Weekend Meditation ~ On Cherishing Others

cherishing others


When we shift our focus away from ourselves,

we can experience a sense of liberation and peace.

by Katy Brennan

I recently wrote about meditating on the kindness of others and how it helps develop a deep sense of appreciation and gratitude. While we are considering how completely we depend upon others for our very existence, we may notice something profound. In turning our attention away from ourselves and toward others, our hearts may lighten and lift, and we may feel a sense of freedom and expansiveness that deepens the more we contemplate the importance and preciousness of others.

According to Buddha’s teachings, there is a simple (though perhaps not so simply understood) reason for this. In our ordinary, unenlightened state, we have a strong tendency to focus on ourselves in a painful way, even if we are not suffering. This phenomenon is called “self cherishing” and is considered a “delusion” in Buddhism. What makes self-cherishing a delusion is not the “cherishing,” it’s the “self” with which we are identifying: an independently existing, inherent self, one that feels fixed and isolated from others.

If we investigate, we realize that there is no self that is independent of others. Without “other” there can be no “self.” Yet we are constantly under the influence of what Buddhists refer to as “self-grasping” and tend to perceive all phenomenon, including (and most significantly) ourselves, as existing separately, in a fixed state.

In reality we, like all phenomena, are a “dependent arising” relying on others for our very existence. This is why, when we focus on this independent self, “looking out for number one,” we feel some pain. When we perceive ourselves as dependent upon and deeply connected to others, we see clearly and with wisdom, and thus feel a sense of harmony and inner peace. We’re tuning in to a more enlightened state.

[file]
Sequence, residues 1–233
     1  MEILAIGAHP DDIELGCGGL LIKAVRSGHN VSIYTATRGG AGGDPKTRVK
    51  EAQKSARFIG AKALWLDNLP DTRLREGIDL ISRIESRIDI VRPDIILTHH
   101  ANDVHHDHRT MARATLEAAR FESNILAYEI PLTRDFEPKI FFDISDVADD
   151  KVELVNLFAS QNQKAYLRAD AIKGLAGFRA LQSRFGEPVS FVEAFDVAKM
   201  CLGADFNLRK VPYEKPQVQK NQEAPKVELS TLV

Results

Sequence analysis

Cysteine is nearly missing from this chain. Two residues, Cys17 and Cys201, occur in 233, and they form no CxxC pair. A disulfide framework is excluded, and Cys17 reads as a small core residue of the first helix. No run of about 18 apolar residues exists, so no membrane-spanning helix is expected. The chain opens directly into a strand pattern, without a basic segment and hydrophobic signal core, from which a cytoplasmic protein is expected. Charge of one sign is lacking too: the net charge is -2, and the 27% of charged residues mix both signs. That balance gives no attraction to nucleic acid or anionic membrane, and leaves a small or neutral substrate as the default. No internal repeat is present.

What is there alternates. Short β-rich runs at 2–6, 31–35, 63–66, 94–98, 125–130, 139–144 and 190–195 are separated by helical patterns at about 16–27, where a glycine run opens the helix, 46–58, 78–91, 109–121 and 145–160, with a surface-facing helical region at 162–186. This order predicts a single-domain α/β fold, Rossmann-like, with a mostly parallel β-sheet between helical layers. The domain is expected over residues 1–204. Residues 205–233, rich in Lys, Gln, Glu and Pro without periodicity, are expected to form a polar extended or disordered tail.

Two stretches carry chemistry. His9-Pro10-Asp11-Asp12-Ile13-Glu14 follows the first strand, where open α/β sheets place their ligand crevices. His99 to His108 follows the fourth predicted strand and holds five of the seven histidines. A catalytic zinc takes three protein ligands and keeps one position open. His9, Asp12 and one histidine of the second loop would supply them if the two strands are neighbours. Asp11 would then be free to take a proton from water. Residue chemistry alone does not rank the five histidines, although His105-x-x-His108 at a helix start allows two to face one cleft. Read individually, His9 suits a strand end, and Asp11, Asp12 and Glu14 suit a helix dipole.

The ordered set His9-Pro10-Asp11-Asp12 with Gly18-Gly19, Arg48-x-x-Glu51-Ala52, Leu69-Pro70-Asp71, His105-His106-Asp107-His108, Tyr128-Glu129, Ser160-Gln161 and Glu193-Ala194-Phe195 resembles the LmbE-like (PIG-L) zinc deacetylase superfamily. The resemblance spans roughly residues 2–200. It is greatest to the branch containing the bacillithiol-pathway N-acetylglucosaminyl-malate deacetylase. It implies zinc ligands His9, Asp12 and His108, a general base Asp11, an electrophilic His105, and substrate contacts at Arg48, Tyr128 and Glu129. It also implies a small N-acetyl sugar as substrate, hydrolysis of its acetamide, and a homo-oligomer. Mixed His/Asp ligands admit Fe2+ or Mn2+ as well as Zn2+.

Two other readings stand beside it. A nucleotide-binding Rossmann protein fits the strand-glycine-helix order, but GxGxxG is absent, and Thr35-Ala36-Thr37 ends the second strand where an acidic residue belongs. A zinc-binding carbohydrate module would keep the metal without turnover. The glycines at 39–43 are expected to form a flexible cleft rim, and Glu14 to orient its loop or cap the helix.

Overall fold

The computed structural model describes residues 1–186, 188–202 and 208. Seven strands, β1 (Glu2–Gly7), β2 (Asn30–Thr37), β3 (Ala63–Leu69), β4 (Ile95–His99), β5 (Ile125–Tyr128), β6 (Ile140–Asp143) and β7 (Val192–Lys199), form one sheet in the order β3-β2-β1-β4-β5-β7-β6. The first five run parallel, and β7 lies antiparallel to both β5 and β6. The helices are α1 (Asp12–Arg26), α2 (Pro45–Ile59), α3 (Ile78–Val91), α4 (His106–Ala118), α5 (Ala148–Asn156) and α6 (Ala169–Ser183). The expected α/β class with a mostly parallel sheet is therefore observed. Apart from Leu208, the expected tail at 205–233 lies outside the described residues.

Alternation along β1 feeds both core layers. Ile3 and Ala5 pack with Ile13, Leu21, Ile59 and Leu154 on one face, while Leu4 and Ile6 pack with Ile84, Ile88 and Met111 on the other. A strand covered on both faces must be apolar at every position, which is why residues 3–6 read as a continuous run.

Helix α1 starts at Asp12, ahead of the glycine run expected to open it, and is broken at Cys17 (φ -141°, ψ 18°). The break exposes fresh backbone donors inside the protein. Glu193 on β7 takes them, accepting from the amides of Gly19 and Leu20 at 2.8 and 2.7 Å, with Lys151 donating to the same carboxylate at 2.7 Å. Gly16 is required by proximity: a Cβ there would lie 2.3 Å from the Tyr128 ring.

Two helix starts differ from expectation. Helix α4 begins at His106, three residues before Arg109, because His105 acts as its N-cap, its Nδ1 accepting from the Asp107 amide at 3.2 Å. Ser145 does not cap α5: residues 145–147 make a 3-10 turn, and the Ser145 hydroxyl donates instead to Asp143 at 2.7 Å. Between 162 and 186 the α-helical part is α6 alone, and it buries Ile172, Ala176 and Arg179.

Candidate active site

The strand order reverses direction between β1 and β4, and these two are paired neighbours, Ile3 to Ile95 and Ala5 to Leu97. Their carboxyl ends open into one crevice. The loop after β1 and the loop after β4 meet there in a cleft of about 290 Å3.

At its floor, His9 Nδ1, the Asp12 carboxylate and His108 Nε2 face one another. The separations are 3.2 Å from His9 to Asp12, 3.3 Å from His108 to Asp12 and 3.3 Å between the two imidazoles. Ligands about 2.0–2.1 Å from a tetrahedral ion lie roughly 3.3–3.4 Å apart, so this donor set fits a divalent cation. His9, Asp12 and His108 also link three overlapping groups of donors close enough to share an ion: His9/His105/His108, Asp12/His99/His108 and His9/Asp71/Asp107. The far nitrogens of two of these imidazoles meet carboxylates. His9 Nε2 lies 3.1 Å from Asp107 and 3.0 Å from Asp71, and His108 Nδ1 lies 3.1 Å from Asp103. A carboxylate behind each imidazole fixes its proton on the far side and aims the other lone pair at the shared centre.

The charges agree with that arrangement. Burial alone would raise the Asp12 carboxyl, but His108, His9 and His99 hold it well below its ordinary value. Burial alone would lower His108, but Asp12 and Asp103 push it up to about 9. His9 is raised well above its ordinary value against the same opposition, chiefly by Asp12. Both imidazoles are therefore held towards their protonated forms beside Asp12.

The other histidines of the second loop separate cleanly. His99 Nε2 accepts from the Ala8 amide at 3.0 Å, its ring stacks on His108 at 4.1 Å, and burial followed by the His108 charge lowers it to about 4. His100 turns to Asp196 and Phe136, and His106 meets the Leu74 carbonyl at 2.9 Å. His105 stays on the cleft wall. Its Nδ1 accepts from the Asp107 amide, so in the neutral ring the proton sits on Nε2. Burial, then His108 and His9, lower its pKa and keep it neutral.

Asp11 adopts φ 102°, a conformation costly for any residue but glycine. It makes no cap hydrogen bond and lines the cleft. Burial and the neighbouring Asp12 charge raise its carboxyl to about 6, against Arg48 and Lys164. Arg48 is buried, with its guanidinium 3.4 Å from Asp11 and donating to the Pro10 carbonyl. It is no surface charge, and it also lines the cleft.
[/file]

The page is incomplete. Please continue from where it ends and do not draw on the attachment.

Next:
If when we consider others we feel pain, we need to look more closely at the actual source of that pain. We may think, “There are people starving” and feel compassion. But along with it, we also experience a sense of hopelessness or helplessness because we personally cannot possibly feed everyone. Where is that pain coming from? Compassion? No. The pain is coming from this limited sense of a self not able to fix things.

Pure compassion for others and a wish that they be free from suffering feels good. When we bring ourselves, and our perceived limitations, into the picture, we introduce pain. In our meditation we can think, “Others are important and their suffering matters to me” and then generate a wish that they may be happy and free from suffering. Just for a few moments, we can leave ourselves out of the picture and see how that feels. It takes practice.

Cherishing ourselves over others comes so naturally, and is so culturally reinforced and encouraged, we may need to engage in this meditation many times to cultivate any meaningful regard for others that will resonate in our daily lives.

In fact, according to Buddha’s teachings, the habitual self-centered focus is the source of all our suffering. In an important twelfth-century root text entitled Training the Mind in Seven Points, the great Tibetan bodhisattva  Geshe Chekhawa includes the line “Gather all blame into one.” By this he means that all suffering comes from the self-cherishing mind.

In the classic eighth-century Buddhist poem, Guide to the Bodhisattva’s Way of Life, Shantideva puts it this way: “All the happiness there is in this world arises from wishing others to be happy, and all the suffering there is in this world arises from wishing ourself to be happy.”

In terms of active compassion and kindness, Mother Teresa saw this deep connection to others as a direct relationship to the Divine. “People are often unreasonable and self-centered.” She said, “Forgive them anyway. If you are kind, people may accuse you of ulterior motives. Be kind anyway. If you are honest, people may cheat you. Be honest anyway. If you find happiness, people may be jealous. Be happy anyway. The good you do today may be forgotten tomorrow. Do good anyway. Give the world the best you have and it may never be enough. Give your best anyway. For in the end, it is between you and God. It was never between you and them anyway.”

Like Buddha, she is saying, in essence, that we ought to open our hearts without concern for a self who may not be treated well or be highly regarded by others. If we are tuned in to a deeper truth, the good we do for others is not about reciprocity for ourselves. If we cherish others purely, and hold them dear in our hearts, we touch on something far more important than ourselves; something that transcends the very idea of self. Isn’t this the essence of spirituality?

Share your comments below.

Katy Brennan teaches Buddhist meditation in New York City and writes frequently on dharma and spirituality. Check out her previous Weekend Meditation column here.

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